Showing posts from August, 2010

From the Guam Blog: Jurassic Guam

Gof ya-hu este na tinige' ginnen i Guam Blog. Gof ya-hu i lepblo yan mubi Jurassic Park ya annai hu taitai este (ni' muna'yalaka i dos), chumalek yu', lao nina'hasso yu' lokkue'. I hinasson i DOD gi este na tiempo yan i hinasson i duenon Jurassic Park, kalang chumilong. Puru ha' somnak gi me'nan-niha. Taya' prublema yan taya' chathinasso. Achokka' ti matai Si Hammond gi i mubi, matai gui' gi i lepblo. Ya ayu i mita'-na para i binanidosu-na, i bachet-na.
Hafa na parehu na pinadesi gaige gi me'na'-ta put i bachet yan binanidosun i DOD yan i manakhilo' guini?I’m still not clear on chaos? – Dr. Ellie Sattler. (Laura Dern), in the movie Jurassic Park.

It simply deals with unpredictability in complex systems. Its only principle is the Butterfly Effect. A butterfly can flap its wings in Peking and in Central Park you get rain instead of sunshine. – Dr. Ian Malcolm (Jeff Goldblum). The U.S. planners running the Guam buildup ha…

Buildup News from Okinawa and Japan

Daily Yomiuri Shimbun
Decision on Futenma Relocation Unlikely Until at Least 2011
Satoshi Ogawa / Yomiuri Shimbun Correspondent
Aug. 22, 2010

WASHINGTON--It has become almost certain that essential details of the relocation of the U.S. Marine Corps' Futenma Air Station in Okinawa Prefecture will remain unresolved until at least 2011, as the Japanese and U.S. governments have basically agreed to abandon the Aug. 31 deadline they set earlier.

The two governments agreed Thursday on the outline of a report--to be released by working-level experts from both countries by the end of this month--regarding an exact location for the Futenma replacement facility and the design of its runway, according to sources familiar with the matter.

The outline calls for the forthcoming report to incorporate two plans as "feasible options" for the relocation facility: two runways in a V-shaped formation or a single runway, with the understanding that the facility will be located on the shore of the …

Help Fund This Project!!!!

Hermon and Jeannae made the following short piece about the recent protest at the Pagat trailhead, while they were recently here on Guam filming for their project "Weaving Solidarity." If you actually watch it, you can see my dongkalo yan chatpa'go na face, and Sumahi's sleeping form on my shoulder within the first few seconds. Hermon and Jeannae interviewed me while at the protest and I guess what I had to say resonated with them. I'm not the only person that they interviewed while they were here, they also talked to people from the National Trust, Joe Quinata, John Benavente, members of We Are Guahan and even Carl Peterson from the Chamber of Commerce.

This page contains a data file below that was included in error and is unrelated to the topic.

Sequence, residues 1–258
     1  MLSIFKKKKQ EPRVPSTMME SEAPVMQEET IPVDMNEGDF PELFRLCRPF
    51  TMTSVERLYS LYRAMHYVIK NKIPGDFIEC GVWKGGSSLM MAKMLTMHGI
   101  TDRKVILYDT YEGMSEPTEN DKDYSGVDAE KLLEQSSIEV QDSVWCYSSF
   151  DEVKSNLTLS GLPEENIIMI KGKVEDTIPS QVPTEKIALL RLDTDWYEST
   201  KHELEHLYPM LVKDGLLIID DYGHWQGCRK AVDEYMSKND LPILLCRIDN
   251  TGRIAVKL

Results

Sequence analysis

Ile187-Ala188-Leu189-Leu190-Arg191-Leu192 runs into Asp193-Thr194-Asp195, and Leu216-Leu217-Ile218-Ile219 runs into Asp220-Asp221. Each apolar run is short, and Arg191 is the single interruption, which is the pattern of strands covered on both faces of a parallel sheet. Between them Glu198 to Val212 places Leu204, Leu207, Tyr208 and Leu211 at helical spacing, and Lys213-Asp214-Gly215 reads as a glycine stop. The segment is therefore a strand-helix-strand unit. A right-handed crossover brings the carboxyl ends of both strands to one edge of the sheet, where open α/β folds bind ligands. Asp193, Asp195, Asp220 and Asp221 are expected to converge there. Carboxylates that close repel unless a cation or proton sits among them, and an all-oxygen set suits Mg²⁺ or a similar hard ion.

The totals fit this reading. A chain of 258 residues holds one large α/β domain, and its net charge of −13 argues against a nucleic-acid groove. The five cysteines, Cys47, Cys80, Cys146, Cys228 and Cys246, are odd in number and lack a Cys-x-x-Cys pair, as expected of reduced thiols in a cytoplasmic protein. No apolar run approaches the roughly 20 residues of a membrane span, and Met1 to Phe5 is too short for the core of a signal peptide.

Pagat Rough cut from Hermon Farahi on Vimeo.Later on we had more conversations about Guam's past and present and about what directions they can take with their documentary project, and so I think I'll be signing on to help as a producer. There are so many angles from which you can cover Guam right now, fro…

Nagasaki Trip, Post # 6: So Our Children May Live in Peace

“So Our Children May Live in Peace”
by Michael Lujan Bevacqua
The Marianas Variety
August 18, 2010

We on Guam should all know about the US testing of nuclear weapons in the Marshall Islands and its deadly and tragic legacy. It is something that this entire region should take seriously, and teach to students of all levels, alongside Columbus sailing blue oceans, Americans and their independence or Chamorros suffering in Manengon waiting for liberation. It is critical because that history of nuclear testing speaks volumes to the relationship Micronesia has to the United States, by making clear this region’s strategic value.

But, one thing that we should always keep in mind is that the Marshall Island weren’t the only place where nuclear weapons were tested in the Pacific. There were US tests in the Aleutians, French tests in French Polynesia and British tests in Kiribati and Australia.

At the 2010 World Conference Against Atomic and Hydrogen Bombs that I attended last week in Japan, I got the…

Nagasaki Trip, Post #5: A $15 Billion Smokescreen

I was asked by a reporter in Nagasaki, Japan about what my thoughts were on the transfer of US Marines from Okinawa to Guam. This came after we had spoken for more than half an hour already on the issue, with me updating him on the latest protests from activists and responses from the Department of Defense. I think that in my statements I had been to rooted in the events I was describing and didn’t say anything which was useful in terms of summing it all up or being a good quote to use in trying to represent the feelings or the mindset of the people on Guam. So he asked a question which I had already spent quite a while answering again in a more direct way in hopes of getting me to give it that less academic, but more human touch.